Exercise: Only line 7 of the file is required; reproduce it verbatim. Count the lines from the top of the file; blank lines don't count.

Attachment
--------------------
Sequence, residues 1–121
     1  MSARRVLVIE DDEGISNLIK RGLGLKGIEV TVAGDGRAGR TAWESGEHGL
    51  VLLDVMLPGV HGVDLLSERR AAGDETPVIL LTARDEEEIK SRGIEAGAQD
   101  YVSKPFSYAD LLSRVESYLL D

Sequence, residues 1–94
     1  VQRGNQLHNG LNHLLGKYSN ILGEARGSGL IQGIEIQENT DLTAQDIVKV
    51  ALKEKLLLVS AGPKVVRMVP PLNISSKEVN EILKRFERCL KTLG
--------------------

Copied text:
    51  ALKEKLLLVS AGPKVVRMVP PLNISSKEVN EILKRFERCL KTLG